Data Governance & Quality Rock Stars

May 16, 2011
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One of my clients used to affectionately call me a Rock Star. Why? Because of a Bon Jovi documentary in which he talked frankly about life on the road – travel, being away from family and friends, sleeping in hotel rooms, having to give too much energy to logistics, and being rather isolated wherever you are except for those wonderful, exciting hours when you’re doing your job. “Bon Jovi might as well have been describing your life, Gwen!” my client said laughingly.

One of my clients used to affectionately call me a Rock Star. Why? Because of a Bon Jovi documentary in which he talked frankly about life on the road – travel, being away from family and friends, sleeping in hotel rooms, having to give too much energy to logistics, and being rather isolated wherever you are except for those wonderful, exciting hours when you’re doing your job. “Bon Jovi might as well have been describing your life, Gwen!” my client said laughingly.

But a few minutes ago I read another take on this. The expert below is exhorting colleagues to emulate Rock Stars.

“[We] need to be loud. We need to voice our concerns when it comes to understanding and assessing business risk in turbulent times. This takes courage, especially when management is racing to install the latest technology and our message is one of caution — of heightened risks because of missing controls and security, or hastily tested code — a message that many in the organization may not want to hear. Most of us fear the unknown, and risks in the new e-business world are alien.

[We need] courage: the courage to take on the real issues facing the organization, provide valuable assurance on the more important business risks, and speak out — even when sharing unpopular realities.

Many organizations have one or more of these unfortunate realities:

  • An immature risk management program.
  • Scattered information (often due to multiple computer systems), so executives don’t have timely, current, and reliable information on the operation of the business. They may even be reliant on Excel to consolidate key operational data, which is always at least a few days old.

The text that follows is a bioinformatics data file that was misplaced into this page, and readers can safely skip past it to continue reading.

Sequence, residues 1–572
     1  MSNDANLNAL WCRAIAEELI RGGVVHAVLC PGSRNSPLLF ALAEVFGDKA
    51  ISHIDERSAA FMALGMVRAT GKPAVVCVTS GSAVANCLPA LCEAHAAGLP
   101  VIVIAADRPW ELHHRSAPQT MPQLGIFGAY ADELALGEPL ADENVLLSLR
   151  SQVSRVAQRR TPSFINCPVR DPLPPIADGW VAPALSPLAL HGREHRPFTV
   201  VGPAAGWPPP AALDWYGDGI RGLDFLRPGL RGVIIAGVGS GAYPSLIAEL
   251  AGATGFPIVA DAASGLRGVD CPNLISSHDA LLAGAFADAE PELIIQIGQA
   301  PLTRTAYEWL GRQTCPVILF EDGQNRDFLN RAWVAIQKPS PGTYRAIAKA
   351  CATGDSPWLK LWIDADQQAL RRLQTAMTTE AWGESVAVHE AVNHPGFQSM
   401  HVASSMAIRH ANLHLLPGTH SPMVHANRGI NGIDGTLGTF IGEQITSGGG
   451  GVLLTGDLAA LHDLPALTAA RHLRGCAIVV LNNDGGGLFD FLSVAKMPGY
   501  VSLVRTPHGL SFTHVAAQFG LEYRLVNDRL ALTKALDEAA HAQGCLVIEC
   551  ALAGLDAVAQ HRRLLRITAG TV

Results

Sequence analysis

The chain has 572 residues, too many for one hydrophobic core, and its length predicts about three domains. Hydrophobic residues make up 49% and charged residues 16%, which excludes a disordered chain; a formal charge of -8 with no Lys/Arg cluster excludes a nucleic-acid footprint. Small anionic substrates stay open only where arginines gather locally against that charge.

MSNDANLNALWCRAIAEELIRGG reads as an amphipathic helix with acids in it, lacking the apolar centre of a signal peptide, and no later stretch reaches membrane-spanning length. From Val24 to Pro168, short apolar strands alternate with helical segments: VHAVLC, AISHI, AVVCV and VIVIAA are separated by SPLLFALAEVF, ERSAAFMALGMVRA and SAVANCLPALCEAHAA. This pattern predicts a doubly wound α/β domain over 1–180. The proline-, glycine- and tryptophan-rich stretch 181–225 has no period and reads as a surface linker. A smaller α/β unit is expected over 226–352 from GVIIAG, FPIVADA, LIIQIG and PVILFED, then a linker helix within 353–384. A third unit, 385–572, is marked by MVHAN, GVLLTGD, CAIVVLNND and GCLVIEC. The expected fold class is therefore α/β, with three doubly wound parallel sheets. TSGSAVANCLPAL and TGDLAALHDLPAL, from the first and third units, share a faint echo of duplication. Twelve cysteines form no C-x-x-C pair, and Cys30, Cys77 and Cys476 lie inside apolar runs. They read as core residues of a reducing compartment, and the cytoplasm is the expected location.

• Executives that don’t work as a team. They operate in silos, hoard instead of share information, and put divisional (or personal) objectives ahead of corporate goals.
  • A lack of sufficient skilled, experienced management and staff in key positions.
  • A poor record when it comes to delivering on major projects and strategies.

That’s where the rock star distinguishes herself/himself. The rock star [professional] stands up and talks about the emperor’s lack of clothes and makes sure people at the right level are fully aware of painful realities.”

Hmmm… Sounds familiar, doesn’t it? So many of us struggle to speak truth to power, to point out unfortunate realities, to sing loudly and proudly about a different way. Often we feel like we’re on our own, spending long lonely hours between our moments on stage. That’s one of the reasons we love conferences and seminars and online groups so much – they give us a chance to sing together. Data Governance, Information Quality, and Data Management pros love to sing together, in rich harmony.

And the author of the blog that is excerpted above? Would it surprise you to know that it’s Normal Marks, an internal auditor? Hmmm… same song, different verse.  Read his entire post at http://tinyurl.com/3b5xd8u.